Roufousse T. Fairfly said...

Thanks Manolis,

I skipped the introduction of the EBoA decision and went straight to the conclusion, and paid more attention to the remainder of the procedure. I'm usually quite interested in knowing who the parties are, and whether I recognise any names.

The reason why I checked the EPA database is that in one case of mine a private inventor signed "The professional representative", apparently without understanding the meaning of the word. (He also had problems with notions such as "added subject-matter", "novelty", etc.). When I suggested as subtly and diplomatically as possible that a "real" EPA should be consulted, the applicant went very slightly ballistic.

One of the divisionals is quite interesting. The applicant filed the requests that were canned by the BoA, and is making a fuss about the relevance of Art. 111(2) and Res Judicata, arguing that the parties are not the same. The request for review was even filed, but without the apology.

It does have a feel of the applicant appealing an opposition decision rendered the BoA with a examining division responsible for another case...

From the reply filed 24.07.2013:

These points omit to mention th at also the facts have changed, with the filing of the petition. It is irrelevant whether the earlier decision entered into force when res iudicata is evaluated.

Facts have changed. Parties have changed. This situation has nothing to do with res iudicata.
and it would be helpful if the parties would not refer to this unrelated principle, because it is
already clear th at the current case does not concern it.

Instead of res iudicata, the question is: Is the decision of more senior administrators (Appeal
Board members) binding on more junior administrators (Examining Division members) in the constellation of the same request, when facts and parties have changed?

While command-chain considerations and the more executive position of Board members might in practice tempt to suggest so, the fact of the matter remains that the answer is NO.

Was the apology sincere? I also found this choice morsel:

The ED is further reminded that it is a common theme of any workplace in Europe th at more senior officials make mistakes and try to get the junior officials to cover them up. The EPO is no different. However, the EPC does not provide for this. The ED has no binding duty to more senior officials when facts have changed as shown in the Petition. The only duty the ED has is to examine the application vis-à-vis the facts and the EPC.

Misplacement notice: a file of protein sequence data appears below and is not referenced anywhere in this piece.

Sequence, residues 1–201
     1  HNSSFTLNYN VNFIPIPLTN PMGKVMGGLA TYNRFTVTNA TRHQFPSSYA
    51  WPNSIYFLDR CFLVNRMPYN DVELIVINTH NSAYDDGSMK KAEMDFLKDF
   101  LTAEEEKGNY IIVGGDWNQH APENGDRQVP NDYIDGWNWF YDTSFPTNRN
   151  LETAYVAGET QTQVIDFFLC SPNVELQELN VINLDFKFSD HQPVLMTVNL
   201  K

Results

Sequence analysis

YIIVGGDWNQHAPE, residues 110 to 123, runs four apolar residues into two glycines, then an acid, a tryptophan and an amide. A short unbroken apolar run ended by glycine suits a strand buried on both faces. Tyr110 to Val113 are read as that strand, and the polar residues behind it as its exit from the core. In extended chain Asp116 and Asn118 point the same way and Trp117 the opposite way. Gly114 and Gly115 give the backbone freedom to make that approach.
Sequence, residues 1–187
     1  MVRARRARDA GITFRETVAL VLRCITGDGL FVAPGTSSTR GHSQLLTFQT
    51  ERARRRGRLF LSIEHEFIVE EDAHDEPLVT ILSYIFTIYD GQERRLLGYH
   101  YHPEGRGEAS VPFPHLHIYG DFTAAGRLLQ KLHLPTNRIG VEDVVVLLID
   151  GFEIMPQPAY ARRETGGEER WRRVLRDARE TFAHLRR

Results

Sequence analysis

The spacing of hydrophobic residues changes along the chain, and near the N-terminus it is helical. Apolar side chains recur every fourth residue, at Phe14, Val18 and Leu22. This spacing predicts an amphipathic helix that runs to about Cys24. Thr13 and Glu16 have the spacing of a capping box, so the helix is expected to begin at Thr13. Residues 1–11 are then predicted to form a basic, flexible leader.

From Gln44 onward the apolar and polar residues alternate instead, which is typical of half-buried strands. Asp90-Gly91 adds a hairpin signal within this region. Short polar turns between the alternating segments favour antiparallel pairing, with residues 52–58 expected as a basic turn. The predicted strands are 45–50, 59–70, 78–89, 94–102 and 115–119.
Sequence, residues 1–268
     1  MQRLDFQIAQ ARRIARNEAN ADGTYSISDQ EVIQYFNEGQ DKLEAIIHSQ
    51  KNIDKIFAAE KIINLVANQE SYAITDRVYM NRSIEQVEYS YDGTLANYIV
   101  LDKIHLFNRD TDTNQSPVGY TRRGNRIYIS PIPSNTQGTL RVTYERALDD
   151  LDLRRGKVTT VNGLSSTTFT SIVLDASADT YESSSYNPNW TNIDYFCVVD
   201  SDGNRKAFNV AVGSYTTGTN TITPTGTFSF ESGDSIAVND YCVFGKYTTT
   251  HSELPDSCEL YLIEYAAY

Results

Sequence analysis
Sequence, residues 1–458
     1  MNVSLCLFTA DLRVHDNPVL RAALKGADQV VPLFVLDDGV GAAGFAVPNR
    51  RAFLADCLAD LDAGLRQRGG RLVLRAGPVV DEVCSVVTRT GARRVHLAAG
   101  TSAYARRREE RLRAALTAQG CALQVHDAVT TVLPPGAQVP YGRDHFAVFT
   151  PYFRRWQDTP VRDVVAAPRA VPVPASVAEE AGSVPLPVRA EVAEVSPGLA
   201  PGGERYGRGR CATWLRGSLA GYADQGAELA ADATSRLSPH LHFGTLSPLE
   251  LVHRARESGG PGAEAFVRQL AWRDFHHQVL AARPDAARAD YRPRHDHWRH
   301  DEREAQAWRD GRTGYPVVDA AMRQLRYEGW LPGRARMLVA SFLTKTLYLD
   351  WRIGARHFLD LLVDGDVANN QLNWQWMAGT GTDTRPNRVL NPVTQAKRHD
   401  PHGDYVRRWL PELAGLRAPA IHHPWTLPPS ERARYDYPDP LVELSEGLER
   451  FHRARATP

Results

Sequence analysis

From this also follows th at any abuse of procedure should be squarely on the past Board members. The Applicant views himself as a victim, and is entitled to defend his rights.

Anonymous said...

I was going to comment that Dr V.'s letter was a doozy, but Mr. Schroeder takes the biscuit.


Anonymous said...

At what point does EPI get involved when authorised representatives submit questionable allegations against employees of the EPO or members of the boards of Appeal?

Anonymous said...

We circulated Mr Schroeders comments in the office.

While we all agreed that this is not helpful in winning over the examiner, unfortunately for the USPTO, we recognized most of the underlying criticisms of Mr Schroeder as valid concerns wrt the quality of US examiners.

The guy has a point, in fact several points.

Anonymous said...

"The guy has a point, in fact several points."

Oh, many of us have had such thoughts before. However, putting them in writing, in a letter which will become a matter of public record, is an entirely different thing.

Also, Mr. Schroeder didn't stop at insulting the hapless examiner...He seems quite an irascible fellow.

Anonymous said...

It seems this mr. Schroeder is suffering from a form of Tourette-in-writing?

PN said...

Any speculations as to why the opponent/apellant chose to withdraw the opposition/appeal after a decision had been pronounced at the end of OPs? I trust the opponent's representatives know G 12/91.

Myshkin said...

I can speculate that the proprietor closed a deal with the opponent, e.g. promising not to bother him with any of his divisionals in return for a withdrawal of the opposition.

The proprietor's letters of 15.04.2013 and 18.04.2013 could be interpreted as confirming this hypothesis.

The letter of 18.04 shows that the proprietor has a very special view of G 12/91. The opponent probably understood, though.